https://www.postgresql.org/docs/11/ddl-rowsecurity.html


As a manager, if you see a poor bastard having the worst day of their career because of something similar, it means you have inadequate safeguards in place and you’re not doing your job correctly.


The worst day of their career so far.


I can imagine it happening, but it's hard to imagine how they applied it to their disaster recovery backups before noticing the issue.


Right. Like add a unit test or something. Geez.


I’m more curious how a script that does this even made it through review. And if there wasn’t a review... why not?


Stuff like this is always possible wherever you have fully centralized architecture. I don't know how many massive cloud failures it will take for IT community at large to realize this.


Salesforce launched in 1999 before before cloud was a thing. It's basically just a big Oracle database.


That's not very fair to a company that was one of the pioneers of a lot of the things we consider normal on today's software as a service.

Also incorrect, they have great cloud and devops practices. If anything it's likely this bug's impact would be limited due to how decentralised SFDC operates.

Still a massive fuck-up, I'm interested in seeing if they'll release any more detail on why it happened.


While a little unfair, and Salesforce is a decent product with nice dev tooling (apart from the weird ancient Java ish custom language), but under the hood, it really is just a Oracle database per org.


Weird ancient proprietary language.

Impossible to run locally.

No debuggers.

Virtually impossible to put an entire org in source control.

No package manager.

More undefined behavior than a C compiler.


> decent product with nice dev tooling

whaaaaaaaaaaaaaaaaat hahahaha i can't take that seriously; I've used it and it felt like a giant pit of despair


Well,

they do own heroku

https://www.heroku.com/


They purchased Heroku.


In fairness they did do long enough ago that they would have massively messed it up if they at least didn't understand something about running software.

SFDC hate is pretty common, maybe because of how big they are. I think that their tech is actually pretty impressive.


The hate is likely propelled in part because their sales process is the work of Satan.

Like seriously I would rather lick alcohol soaked razor blades than do a standard annual renewal of a Salesforce contract.


Other than being pretty public at this point, this incident could have easily happened in an upgrade/rollout in on-premise settings as well (at least without a good staging environment and test process).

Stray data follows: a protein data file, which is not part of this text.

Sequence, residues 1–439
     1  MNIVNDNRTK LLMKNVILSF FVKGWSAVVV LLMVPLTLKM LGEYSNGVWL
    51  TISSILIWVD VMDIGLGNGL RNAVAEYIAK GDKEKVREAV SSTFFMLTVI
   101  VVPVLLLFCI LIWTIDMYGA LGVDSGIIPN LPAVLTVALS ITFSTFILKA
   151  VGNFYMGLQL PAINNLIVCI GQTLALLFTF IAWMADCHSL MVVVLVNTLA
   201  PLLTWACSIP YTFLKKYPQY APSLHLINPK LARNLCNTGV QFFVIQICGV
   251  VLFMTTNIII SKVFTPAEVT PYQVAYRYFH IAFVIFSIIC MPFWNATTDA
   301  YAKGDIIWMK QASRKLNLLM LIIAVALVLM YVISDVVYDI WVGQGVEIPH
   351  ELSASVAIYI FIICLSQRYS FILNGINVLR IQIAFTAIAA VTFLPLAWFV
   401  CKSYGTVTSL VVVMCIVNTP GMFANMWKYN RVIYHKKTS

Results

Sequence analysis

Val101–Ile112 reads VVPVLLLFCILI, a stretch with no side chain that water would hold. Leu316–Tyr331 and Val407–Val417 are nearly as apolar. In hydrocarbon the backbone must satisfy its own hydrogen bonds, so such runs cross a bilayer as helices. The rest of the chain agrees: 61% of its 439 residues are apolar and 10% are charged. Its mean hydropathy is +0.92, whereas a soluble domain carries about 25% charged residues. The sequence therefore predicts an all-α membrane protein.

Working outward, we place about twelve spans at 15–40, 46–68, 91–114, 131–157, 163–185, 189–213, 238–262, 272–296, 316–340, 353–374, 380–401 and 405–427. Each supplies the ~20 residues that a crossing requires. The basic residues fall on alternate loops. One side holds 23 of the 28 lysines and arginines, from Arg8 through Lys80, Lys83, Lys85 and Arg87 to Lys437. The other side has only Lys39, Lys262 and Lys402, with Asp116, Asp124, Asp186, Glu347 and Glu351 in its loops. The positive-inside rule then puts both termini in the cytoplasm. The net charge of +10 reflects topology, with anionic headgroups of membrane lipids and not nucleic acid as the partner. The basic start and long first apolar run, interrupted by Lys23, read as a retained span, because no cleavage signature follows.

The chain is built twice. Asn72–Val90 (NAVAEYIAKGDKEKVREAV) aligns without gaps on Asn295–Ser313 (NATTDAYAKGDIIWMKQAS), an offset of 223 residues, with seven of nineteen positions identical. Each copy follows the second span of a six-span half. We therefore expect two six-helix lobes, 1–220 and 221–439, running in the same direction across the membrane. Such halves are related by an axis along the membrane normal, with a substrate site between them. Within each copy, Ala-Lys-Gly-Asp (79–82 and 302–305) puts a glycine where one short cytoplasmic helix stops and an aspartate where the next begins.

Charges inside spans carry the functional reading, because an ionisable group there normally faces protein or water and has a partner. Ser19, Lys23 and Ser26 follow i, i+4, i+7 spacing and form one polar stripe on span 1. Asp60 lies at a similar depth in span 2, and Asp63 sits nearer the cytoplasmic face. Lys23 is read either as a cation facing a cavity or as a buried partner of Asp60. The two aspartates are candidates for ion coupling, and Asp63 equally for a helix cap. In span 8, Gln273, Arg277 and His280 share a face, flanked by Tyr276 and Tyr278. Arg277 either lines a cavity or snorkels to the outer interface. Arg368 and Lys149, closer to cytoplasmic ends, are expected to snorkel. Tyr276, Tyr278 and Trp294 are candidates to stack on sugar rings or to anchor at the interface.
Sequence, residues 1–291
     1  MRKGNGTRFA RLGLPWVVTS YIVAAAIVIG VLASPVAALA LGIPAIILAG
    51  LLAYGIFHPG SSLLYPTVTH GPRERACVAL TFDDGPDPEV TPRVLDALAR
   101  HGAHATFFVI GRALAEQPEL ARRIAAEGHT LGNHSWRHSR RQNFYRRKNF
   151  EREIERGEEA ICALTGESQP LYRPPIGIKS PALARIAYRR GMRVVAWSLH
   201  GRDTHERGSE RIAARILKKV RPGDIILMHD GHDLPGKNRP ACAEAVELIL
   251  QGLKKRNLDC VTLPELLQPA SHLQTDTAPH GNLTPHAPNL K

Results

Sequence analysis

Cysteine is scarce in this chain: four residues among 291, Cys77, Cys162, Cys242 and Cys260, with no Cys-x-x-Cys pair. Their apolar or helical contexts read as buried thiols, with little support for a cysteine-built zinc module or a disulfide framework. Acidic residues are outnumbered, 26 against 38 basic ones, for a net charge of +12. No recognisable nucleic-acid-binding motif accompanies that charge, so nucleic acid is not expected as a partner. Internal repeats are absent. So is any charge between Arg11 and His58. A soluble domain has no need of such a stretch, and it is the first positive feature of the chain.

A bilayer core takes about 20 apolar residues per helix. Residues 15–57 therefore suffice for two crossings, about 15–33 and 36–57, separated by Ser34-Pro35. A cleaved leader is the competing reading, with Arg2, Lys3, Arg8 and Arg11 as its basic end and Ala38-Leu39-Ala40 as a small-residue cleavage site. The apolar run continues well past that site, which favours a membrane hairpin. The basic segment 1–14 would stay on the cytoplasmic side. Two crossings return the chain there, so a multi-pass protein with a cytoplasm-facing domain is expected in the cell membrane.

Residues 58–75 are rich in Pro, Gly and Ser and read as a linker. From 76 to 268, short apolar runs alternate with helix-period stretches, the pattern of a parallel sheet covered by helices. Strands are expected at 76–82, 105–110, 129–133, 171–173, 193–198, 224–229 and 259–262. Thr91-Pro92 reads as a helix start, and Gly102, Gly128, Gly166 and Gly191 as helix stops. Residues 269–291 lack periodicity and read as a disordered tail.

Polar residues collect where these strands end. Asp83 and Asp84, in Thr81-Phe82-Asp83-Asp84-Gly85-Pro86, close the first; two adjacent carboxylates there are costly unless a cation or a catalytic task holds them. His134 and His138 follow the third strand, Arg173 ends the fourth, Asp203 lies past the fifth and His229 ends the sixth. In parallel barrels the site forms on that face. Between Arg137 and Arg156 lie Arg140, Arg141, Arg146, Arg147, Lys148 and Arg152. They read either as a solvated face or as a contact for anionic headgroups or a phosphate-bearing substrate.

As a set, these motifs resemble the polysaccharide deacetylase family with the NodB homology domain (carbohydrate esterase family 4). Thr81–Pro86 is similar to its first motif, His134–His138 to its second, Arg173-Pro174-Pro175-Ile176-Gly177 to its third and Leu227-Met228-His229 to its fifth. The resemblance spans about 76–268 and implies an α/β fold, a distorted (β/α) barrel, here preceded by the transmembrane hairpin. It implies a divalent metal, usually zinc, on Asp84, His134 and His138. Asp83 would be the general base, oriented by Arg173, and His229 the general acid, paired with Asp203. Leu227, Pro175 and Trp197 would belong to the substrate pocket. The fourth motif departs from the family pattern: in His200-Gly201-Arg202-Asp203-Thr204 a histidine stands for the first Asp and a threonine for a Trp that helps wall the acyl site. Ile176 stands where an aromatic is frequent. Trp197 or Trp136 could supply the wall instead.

You get all kinds of new and exciting failure and fuck up modes in a decentralized architecture.


If I add a service listening on port 1234 that pipes text input to a root terminal most likely no one will ever know.

That's the advantage of decentralized architecture. It's a disadvantage too though ...


"The Salesforce Technology team is investigating an issue impacting Salesforce customers who use Pardot, or have used Pardot in the past. The deployment of a database script resulted in granting users broader data access than intended. To protect our customers, we have blocked access to all instances that contain impacted customers until we can complete the removal of the inadvertent permissions in the impacted customer orgs. As a result, customers who were not impacted may experience service disruption. In parallel, we are working to restore the original permissions as quickly as possible. Customers should continue to check Trust for updates."


Reading between the lines, I think someone forgot a WHERE clause in their UPDATE statement....


I mean, you would hope it's not possible for it to be that simple but... you could see it, couldn't you?


Considering that just yesterday I had to quickly cancel an operation that had the wrong criteria specified, I can absolutely see it...


How about turning autocommit off?


Salesforce incident: https://status.salesforce.com/incidents/3815

Our product syncs data to Salesforce - we're seeing hit and miss connectivity across our customers' instances. Some API calls are still working, I'm unable to sign in to a developer instance in NA49.


it'd be nice if we could get the hn link pointing to that instead, since it's actually got a bit more details than the reddit post and the reddit post doesn't seem to be getting updated, so it's only going to get more "stale"


FWIW that link doesn't load for me. I think they're getting hammered.


For people not familiar with salesforce, what does this mean?